In 2011, for baggage fees alone, consumers paid $3.63 billion (Yes, you read that right). The amount forked over in à la carte fees climbs higher each year, says Joel Frey, a spokesperson for Travelocity.com, as airlines pile on even more charges. There was a time back in the day, when your airfare included a seat, all of your baggage, a drink, meal or snack served by a pretty stewardess with good manners. Now, we are lucky to just have a seat! Charges for a bag, beverage & snacks are common on most airlines. Consider yourself lucky if you do not have to pay for your carry-on bag. Some of these charges are hidden and not published alongside fares, so you’ll have to do some digging to figure out the overall cost of your trip. By booking online, you can avoid or at the very least, reduce some of the expense.
A recent poll found that 15 percent of people are also willing to pay to get off the plane first, so don’t be surprised if you’re soon billed for that privilege. Some people want to be first for everything, not me. I will not pay for that. Once the airplane has landed safely, my fears are over. I just gather my belongings and wait to enter the terminal. Would you pay to get off first?
Pick Your Travel Days Wisely.
If you’re traveling within the United States, flying on a Tuesday, Wednesday or Saturday will get you the lowest airfare because there are fewer fliers on these days. If you can’t both depart and return on the cheapest days, you still get half the savings if you pick one for your inbound or outbound flight. For trans-Atlantic flights, Monday through Thursday are the cheapest, but fares change drastically during certain seasons, so use all your options.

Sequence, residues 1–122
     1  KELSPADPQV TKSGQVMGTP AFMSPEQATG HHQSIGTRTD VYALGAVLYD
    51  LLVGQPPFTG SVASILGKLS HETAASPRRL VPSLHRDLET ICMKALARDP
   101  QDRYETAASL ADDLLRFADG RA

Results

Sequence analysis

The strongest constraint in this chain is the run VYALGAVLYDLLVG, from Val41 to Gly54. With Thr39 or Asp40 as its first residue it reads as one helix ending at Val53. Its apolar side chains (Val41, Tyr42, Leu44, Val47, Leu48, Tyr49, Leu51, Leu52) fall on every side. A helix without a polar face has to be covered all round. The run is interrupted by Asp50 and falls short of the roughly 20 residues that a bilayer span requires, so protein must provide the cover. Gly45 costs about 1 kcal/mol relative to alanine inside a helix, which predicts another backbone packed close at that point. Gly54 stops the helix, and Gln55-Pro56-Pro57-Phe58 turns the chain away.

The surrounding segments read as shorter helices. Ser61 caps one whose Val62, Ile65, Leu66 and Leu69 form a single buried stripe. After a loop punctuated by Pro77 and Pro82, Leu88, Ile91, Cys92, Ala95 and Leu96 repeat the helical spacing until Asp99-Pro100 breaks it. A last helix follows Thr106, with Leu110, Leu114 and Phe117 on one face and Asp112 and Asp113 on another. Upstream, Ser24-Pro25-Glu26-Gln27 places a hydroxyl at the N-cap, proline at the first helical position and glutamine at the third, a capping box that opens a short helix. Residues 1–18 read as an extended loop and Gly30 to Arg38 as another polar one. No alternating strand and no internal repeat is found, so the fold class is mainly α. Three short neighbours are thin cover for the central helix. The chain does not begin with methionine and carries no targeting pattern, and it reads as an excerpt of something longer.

The Golden Time: Tuesday at 3 p.m.
The airline departments that create fare sales usually do so on Monday afternoons. These sales are then distributed to travel sites such as Expedia.com and also posted on the airline’s own site. Competing airlines see these sales the next morning and adjust their fares accordingly, and final sale pricing hits reservations systems at 3 p.m. Eastern Standard Time. Most of these sales expire with two days or less so don’t procrastinate.Most airlines and travel sites offer some of this information online. To compare rates side by side, visit Airfarewatchdog.com’s baggage chart, which lists baggage rates for different U.S. airlines, including fees for overweight and oversize bags. We are going on vacation very soon and travelling on two airlines for our seven day trip. Our departure airline allows one free checked bag and our arrival airline (Jet Blue) charges $25.00 for one checked bag. Even though the fares are the same the baggage charges are entirely different. I always check my bags and hate to lug around baggage inside the airport, so the price of checked bags is very important to me. Here are some of the fees:
- Carry-on bag: free to $45.
- Checked baggage: first bag: free to $45. Second bag: Free to $55. Third bag: $50 to $150.
- Pet boarding: $10 to $200.
- Flight-reservation cancellation or change: free to $150.
- Over-the-phone and in-person booking: free to $45.
- In-flight TV or movie: free to $8.
- In-flight Wi-Fi: $5 to $14 for a 24-hour unlimited pass.
- Unaccompanied minor: free to $100.
- Extra legroom and picking a seat: $4 to $199.
- Snack: free to $10.
- Meal: $3 to $14.
- Nonalcoholic drink: free to $10.
- Alcoholic drink: $5 to $10.
- Pillow or blanket: free to $10.
These days it is necessary to have a sturdy small suitcase if you travel often. The baggage handlers don’t give a damn if your bag is colorful with flowers, and toss it outside in inclement weather too. All of these fees are subject to change and vary from airline to airline. Most airlines offer a discounted price for your bag if you book online and can save you some money on other fees. Don’t take my word. . . Know before you Go!